Dominated by the polarized strategies of domestication and foreignization, conventional literary translation approaches tend to operate on the assumption that source and target cultures, and, by extension, their literary works, are fundamentally irreconcilable on the basis of linguistic, stylistic and ideological differences. Dislocated by the traumatic force of the event, only to be further uprooted by the translation process itself, the identities at stake in American works of 9/11 fiction cannot be so clearly differentiated and securely defined. Moreover, any attempt to fictionalize and translate this real-world trauma inevitably encounters the event as a visual singularity, whereby the image supersedes any notion of cultural disparity.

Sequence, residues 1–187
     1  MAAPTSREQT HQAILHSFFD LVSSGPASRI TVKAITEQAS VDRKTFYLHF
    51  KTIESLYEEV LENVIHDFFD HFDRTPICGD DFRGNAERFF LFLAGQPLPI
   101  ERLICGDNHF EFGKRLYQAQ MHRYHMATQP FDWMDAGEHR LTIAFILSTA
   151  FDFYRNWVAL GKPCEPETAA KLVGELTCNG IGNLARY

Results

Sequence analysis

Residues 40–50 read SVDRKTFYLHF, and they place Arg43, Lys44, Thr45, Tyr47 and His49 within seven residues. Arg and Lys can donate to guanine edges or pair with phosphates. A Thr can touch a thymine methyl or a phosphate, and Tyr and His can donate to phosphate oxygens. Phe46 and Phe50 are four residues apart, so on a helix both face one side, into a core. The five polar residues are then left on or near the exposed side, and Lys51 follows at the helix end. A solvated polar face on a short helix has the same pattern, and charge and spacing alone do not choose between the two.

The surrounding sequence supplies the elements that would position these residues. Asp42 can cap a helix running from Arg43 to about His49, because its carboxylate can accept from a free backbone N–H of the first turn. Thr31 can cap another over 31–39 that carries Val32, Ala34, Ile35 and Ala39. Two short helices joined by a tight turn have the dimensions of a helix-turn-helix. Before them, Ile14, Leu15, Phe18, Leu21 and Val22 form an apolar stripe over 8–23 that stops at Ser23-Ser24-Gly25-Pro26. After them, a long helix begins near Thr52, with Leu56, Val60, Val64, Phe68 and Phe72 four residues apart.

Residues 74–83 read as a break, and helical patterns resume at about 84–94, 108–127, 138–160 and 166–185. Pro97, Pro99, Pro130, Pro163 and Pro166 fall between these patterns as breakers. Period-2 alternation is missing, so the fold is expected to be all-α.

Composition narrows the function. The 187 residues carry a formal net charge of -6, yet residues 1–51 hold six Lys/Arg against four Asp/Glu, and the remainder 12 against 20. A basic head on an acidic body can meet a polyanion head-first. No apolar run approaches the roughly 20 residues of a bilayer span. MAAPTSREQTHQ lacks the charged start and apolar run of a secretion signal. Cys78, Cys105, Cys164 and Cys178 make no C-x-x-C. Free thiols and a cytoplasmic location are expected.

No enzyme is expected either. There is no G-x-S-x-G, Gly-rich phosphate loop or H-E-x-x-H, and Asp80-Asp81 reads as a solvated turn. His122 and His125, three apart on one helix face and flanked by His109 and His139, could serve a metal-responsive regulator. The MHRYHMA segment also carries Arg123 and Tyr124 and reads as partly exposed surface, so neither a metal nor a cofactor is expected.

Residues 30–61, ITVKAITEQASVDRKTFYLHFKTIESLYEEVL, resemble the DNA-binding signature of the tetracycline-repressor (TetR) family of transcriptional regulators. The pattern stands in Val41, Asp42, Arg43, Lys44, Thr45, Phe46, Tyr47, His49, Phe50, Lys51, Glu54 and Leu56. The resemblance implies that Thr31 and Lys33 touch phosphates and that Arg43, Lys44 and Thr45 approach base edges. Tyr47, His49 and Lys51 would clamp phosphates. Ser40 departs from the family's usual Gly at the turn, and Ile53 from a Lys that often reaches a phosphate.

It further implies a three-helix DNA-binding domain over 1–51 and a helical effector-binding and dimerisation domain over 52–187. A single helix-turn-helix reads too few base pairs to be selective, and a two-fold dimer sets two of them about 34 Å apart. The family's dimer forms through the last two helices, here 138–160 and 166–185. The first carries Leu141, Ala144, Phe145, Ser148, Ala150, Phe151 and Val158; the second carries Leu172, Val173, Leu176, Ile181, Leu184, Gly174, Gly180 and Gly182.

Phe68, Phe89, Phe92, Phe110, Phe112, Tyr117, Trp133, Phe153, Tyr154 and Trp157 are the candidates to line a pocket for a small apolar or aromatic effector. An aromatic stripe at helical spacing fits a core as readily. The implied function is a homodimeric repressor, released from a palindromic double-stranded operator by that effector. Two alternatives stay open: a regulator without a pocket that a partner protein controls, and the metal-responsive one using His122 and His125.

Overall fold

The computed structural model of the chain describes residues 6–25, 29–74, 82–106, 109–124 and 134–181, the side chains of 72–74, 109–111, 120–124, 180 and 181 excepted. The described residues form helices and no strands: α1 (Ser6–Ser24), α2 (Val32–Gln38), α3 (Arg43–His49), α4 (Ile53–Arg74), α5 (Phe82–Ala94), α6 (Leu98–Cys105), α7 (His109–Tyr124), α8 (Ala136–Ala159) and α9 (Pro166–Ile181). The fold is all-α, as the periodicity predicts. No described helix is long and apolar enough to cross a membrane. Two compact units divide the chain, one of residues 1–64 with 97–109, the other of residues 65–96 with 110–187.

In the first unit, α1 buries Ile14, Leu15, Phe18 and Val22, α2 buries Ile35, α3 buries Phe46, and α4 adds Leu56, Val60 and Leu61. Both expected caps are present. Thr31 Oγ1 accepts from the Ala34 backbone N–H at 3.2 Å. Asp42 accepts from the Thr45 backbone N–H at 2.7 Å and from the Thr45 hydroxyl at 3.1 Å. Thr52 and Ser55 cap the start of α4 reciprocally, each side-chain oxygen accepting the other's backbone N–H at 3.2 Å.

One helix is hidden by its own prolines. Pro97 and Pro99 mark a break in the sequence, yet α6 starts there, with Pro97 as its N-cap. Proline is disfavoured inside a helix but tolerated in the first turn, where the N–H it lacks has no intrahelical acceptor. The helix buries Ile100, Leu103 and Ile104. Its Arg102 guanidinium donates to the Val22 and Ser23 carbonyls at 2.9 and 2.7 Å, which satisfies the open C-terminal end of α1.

Dominick LaCapra's work offers a potential break from this restrictive dichotomy, and in this article I foreground “empathic unsettlement” as a framework for the relocation of 9/11 novels and their translations in proximity to the totalizing “image-event” to which both are aesthetically bound. With reference to Don DeLillo’s Falling Man, and Marianne Véron’s French translation,L’homme qui tombe, I illustrate how a translation-oriented reading of linguistic deixis offers an insight into how the “nature of consciousness” might be located in spatial, temporal and psychological terms, and how these proximal concepts of identity are negotiated across the translation divide. It is with this retroactive form of analysis, from target to source novel, that I will proceed, with the aim of emphasizing the hermeneutic value of translated literature, both as a tool for literary analysis and as a terrain for further empathic encounters and the resettlement of fictional identities.